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Merger and acquisition activity heightens in healthcare sector

Merger and acquisition activity heightens in healthcare sector

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Shares in cancer immunotherapy drug developer, Imugene (ASX: IMU) rallied more than 7% on Thursday while the S&P/ASX All Ordinaries index plunged 65.5 points or 1.1%.

Moreover, the recent strong performance by the S&P/ASX 200 Health Care Index (XHJ) also came to a grinding halt as it fell 246 points, representing a decline of 1%.

While yesterday’s robust performance by IMU was promising on a standalone basis, it is a continuation of a rally that started early last week when the company’s shares were trading at 1.2 cents. Yesterday’s close of 1.5 cents represents an increase of 25%.

Of course, it should be noted that share trading patterns should not be used as the basis for an investment as they may or may not be replicated. Those considering this stock should seek independent financial advice.

From a broader perspective, the XHJ (yellow line) was due for a rally, for the most part having trailed the S&P/ASX 200 index (XJO) over the last 12 months as this chart indicates.

The past performance of this product is not and should not be taken as an indication of future performance. Caution should be exercised in assessing past performance. This product, like all other financial products, is subject to market forces and unpredictable events that may adversely affect future performance.

The recent break above the XJO can mainly be attributed to a strong performance from index heavyweight CSL which has surged nearly 10% since last week when it announced the US$352 million acquisition of a majority stake in Chinese plasma fractionator, Wuhan Zhong Yuan De Biologicals.

Not only does sector underperformance eventually provide the catalyst for merger and acquisition activity, but the commencement of such activity is often the line in the sand in terms of a more sustained across-the-board recovery.

The Australian health care sector has traditionally thrived through acquisition activity, led by the likes of CSL and other prominent players such as Ramsay Health Care (RHC) in the hospital sector, Sonic Healthcare (SHL) in the pathology and diagnostic imaging sector and Ansell (ANN) in the equipment and capital goods industry segments.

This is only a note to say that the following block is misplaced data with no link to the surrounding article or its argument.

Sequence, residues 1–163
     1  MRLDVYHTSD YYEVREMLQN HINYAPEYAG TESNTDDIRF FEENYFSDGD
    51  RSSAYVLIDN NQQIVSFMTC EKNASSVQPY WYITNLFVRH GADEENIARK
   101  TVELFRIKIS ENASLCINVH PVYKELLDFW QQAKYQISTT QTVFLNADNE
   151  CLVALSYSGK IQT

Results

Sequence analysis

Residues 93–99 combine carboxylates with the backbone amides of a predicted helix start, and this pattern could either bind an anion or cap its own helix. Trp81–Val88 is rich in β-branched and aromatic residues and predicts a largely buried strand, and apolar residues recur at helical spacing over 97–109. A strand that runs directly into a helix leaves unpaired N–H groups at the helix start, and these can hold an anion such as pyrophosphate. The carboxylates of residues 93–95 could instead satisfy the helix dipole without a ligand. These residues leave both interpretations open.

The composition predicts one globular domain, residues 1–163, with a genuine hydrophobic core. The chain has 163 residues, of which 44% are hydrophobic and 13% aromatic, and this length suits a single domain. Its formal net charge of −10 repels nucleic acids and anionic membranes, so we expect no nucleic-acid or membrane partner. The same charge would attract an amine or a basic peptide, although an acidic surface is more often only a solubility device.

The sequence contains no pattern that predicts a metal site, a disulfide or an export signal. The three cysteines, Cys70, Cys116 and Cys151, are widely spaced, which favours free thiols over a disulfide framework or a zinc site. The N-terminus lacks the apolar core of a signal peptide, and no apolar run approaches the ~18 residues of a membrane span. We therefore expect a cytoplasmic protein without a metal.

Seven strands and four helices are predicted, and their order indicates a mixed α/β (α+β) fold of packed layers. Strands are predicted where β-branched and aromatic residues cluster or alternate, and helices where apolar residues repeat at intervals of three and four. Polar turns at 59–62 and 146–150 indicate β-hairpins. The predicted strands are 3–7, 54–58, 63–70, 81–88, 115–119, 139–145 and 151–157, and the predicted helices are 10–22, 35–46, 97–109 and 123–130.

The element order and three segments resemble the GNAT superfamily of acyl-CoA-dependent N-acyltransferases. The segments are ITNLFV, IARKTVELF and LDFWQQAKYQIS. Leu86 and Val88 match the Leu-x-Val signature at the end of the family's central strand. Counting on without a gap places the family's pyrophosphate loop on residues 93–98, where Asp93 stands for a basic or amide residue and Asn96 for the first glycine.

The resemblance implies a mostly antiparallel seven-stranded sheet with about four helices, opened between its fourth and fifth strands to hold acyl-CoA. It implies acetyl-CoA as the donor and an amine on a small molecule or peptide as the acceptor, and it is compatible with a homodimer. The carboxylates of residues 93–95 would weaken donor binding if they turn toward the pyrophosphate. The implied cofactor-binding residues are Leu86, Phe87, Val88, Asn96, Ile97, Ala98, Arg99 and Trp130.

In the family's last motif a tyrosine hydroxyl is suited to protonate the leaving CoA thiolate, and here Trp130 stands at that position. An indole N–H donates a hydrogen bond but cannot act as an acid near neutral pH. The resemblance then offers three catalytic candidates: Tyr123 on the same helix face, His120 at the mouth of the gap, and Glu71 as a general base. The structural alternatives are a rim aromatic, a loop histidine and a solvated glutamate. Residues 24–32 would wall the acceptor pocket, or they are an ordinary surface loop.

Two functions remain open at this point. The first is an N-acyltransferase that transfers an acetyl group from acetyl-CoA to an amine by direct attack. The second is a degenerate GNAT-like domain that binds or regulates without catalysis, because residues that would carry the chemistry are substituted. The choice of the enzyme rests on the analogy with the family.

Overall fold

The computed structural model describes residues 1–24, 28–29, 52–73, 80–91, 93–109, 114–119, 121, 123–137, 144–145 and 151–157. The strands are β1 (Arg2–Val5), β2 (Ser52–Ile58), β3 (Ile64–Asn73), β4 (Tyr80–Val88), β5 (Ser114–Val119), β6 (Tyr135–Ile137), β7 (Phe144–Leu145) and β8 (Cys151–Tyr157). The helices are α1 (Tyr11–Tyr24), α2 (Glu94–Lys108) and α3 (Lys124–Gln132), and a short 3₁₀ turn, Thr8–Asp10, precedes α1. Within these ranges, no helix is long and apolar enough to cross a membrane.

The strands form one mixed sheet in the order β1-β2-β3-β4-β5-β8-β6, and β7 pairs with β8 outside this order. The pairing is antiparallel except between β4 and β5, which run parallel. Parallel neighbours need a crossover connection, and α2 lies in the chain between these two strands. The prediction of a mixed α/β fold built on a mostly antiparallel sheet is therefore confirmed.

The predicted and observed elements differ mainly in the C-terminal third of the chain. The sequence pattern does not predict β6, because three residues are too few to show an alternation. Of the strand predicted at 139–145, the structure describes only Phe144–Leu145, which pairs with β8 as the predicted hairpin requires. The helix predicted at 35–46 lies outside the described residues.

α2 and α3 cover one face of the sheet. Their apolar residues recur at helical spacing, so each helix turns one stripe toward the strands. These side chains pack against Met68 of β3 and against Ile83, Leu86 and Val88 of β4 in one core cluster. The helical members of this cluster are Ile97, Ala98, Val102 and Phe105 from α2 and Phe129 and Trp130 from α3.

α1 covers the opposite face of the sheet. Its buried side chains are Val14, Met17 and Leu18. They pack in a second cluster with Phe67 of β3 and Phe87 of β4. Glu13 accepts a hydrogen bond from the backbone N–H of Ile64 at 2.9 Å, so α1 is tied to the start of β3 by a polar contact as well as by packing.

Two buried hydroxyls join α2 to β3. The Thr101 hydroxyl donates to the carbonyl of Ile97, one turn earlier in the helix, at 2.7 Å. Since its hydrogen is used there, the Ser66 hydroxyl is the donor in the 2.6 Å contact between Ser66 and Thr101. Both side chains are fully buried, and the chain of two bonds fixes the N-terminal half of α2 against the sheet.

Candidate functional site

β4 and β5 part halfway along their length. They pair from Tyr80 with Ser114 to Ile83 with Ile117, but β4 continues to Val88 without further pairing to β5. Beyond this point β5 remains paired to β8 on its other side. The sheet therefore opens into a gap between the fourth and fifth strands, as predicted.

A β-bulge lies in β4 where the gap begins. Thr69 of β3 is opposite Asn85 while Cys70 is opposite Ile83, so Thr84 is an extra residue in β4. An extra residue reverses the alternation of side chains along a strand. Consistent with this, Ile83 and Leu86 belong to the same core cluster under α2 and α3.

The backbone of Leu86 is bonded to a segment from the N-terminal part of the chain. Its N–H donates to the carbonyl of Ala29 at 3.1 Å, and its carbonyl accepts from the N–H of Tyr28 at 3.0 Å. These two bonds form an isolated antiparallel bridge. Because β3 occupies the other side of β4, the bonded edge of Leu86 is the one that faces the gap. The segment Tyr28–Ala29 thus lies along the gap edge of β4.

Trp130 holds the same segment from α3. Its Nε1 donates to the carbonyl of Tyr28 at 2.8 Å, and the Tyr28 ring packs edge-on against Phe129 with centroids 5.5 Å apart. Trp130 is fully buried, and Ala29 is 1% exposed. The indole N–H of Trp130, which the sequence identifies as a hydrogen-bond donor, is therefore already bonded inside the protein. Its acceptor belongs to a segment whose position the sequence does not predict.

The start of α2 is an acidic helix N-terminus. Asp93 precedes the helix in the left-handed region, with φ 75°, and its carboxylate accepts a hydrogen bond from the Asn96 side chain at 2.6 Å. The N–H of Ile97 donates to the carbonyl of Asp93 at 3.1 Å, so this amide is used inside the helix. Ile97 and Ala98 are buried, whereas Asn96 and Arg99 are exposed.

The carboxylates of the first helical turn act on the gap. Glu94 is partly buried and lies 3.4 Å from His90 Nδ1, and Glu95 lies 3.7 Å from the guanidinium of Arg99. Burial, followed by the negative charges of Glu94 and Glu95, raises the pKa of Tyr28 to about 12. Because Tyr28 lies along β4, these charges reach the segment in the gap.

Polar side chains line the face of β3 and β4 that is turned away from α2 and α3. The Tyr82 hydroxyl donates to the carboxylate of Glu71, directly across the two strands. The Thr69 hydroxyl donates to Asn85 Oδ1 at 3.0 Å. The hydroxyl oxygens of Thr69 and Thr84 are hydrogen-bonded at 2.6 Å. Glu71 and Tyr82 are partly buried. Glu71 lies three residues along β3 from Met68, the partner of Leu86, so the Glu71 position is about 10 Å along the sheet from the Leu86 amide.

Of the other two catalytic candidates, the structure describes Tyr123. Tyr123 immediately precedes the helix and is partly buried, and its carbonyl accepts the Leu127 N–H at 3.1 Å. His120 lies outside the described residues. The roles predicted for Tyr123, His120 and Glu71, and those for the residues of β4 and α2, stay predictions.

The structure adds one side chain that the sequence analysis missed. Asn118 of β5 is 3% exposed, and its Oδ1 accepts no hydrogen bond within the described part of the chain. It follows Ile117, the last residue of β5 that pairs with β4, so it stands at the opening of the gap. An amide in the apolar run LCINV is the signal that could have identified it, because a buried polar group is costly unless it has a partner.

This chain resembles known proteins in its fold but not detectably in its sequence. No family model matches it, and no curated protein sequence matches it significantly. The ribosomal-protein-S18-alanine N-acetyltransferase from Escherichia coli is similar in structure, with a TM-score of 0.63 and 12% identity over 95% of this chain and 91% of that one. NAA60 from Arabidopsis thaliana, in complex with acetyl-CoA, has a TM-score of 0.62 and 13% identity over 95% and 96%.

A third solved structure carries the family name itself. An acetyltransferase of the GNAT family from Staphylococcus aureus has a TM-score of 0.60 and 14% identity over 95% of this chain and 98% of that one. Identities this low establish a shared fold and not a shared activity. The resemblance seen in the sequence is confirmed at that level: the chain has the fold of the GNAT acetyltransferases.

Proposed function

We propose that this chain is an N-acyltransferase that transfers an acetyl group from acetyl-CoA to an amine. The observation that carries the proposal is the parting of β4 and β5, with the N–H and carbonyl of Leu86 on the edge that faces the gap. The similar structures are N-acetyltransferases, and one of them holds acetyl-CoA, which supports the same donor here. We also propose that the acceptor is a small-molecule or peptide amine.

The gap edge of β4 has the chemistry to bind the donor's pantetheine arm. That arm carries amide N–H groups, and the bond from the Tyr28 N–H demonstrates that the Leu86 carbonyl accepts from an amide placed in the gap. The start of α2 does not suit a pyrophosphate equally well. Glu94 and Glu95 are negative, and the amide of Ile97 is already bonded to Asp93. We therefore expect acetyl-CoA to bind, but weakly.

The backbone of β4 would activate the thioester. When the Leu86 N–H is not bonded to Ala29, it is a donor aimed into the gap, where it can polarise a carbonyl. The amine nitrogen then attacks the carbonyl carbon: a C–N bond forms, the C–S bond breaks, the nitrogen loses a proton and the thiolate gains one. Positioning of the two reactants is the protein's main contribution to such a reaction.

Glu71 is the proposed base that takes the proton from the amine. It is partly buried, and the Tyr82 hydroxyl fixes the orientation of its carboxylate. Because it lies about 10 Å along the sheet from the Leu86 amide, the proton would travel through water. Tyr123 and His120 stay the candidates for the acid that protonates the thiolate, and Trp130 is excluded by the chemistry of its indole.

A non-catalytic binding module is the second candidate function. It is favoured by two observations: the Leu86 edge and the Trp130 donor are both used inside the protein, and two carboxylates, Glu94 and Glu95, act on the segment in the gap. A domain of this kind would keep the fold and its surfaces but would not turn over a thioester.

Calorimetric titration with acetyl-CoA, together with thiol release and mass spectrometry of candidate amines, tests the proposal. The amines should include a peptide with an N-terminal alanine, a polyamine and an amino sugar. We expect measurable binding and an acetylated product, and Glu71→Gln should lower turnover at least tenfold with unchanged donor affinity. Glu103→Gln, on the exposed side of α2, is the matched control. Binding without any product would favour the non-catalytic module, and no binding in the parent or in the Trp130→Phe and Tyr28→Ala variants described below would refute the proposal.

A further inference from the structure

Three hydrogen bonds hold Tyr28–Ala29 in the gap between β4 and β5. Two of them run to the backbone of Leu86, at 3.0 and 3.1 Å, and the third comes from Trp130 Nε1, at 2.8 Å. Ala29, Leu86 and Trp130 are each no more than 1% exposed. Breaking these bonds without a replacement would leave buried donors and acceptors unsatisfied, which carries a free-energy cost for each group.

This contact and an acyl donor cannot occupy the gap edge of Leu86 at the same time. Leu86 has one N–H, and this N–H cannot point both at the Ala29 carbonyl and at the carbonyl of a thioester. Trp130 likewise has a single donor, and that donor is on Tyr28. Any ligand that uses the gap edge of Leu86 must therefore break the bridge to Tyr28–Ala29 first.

Global licensing deals to the value of $3.4 billion in antibody industry

The same dynamics have been at play in the global health sector. While deals aren’t necessarily the subject of a formal takeover, lucrative licensing agreements are struck whereby major pharmaceutical enterprises invest considerable funds in smaller companies in order to reap the benefits as licensee in the development and commercialisation of important new drugs.

These were the top 10 big pharma deals in 2015, 20% of which were in the antibody space, a significant statistic from IMU’s perspective, particularly if merger and acquisition activity and/or licensing deals gain momentum in Australia.

IMU is developing cancer immunotherapy drugs based on antibodies, focusing on B cell based vaccines in the fast growing field of Immuno-oncology.

Immunotherapy is the treatment of cancer with substances or drugs that stimulate the patient’s immune response, known as immunisation. Unlike chemotherapy, immunotherapy drugs do not target the cancer directly, rather they help the patient’s own immune system recognise and attack cancer cells.

Typical immune responses are B cells making antibodies to attack the cancer and T cells developed by the thymus to attack the cancer.

IMU has two compelling antibody programs and commercial opportunities including the HER-Vaxx peptide vaccine being developed for HER2+ gastric cancer. The following demonstrates how the drug is administered and the impact that it has, and as noted the similarities it shares with the world’s largest selling breast cancer drug, Herceptin.

IMU noted in January that interim phase 1B/2 data would likely come to hand in the first half of 2017, suggesting some promising news flow could be imminent. Furthermore, the final phase 1B/2 trial readout is expected in the second half of 2017.

Whether the recent run in the company’s share price is linked to confidence regarding the potentially positive nature of this data cannot be confirmed, but the timing appears to be on the mark.

While IMU is a microcap, it has strong institutional support. Most notable is Platinum Asset Management’s stake in the company which was increased from circa 6% to more than 9% in November 2016.

Of course this is still an early stage play and investors should seek professional financial advice if considering this stock for their portfolio.

The recent retracement in the company’s share price which is evident in the 12 month chart below can be attributed to a lack of news flow early in the calendar year, but as can be seen IMU has still outperformed the S&P/ASX 200 Health Care index over the period.

The past performance of this product is not and should not be taken as an indication of future performance. Caution should be exercised in assessing past performance. This product, like all other financial products, is subject to market forces and unpredictable events that may adversely affect future performance.

During the six months between November and April there was a substantial outperformance by IMU, and as the chart indicates, the company appears to be at a stage where it could broaden the gap once again should the recent rally continue.

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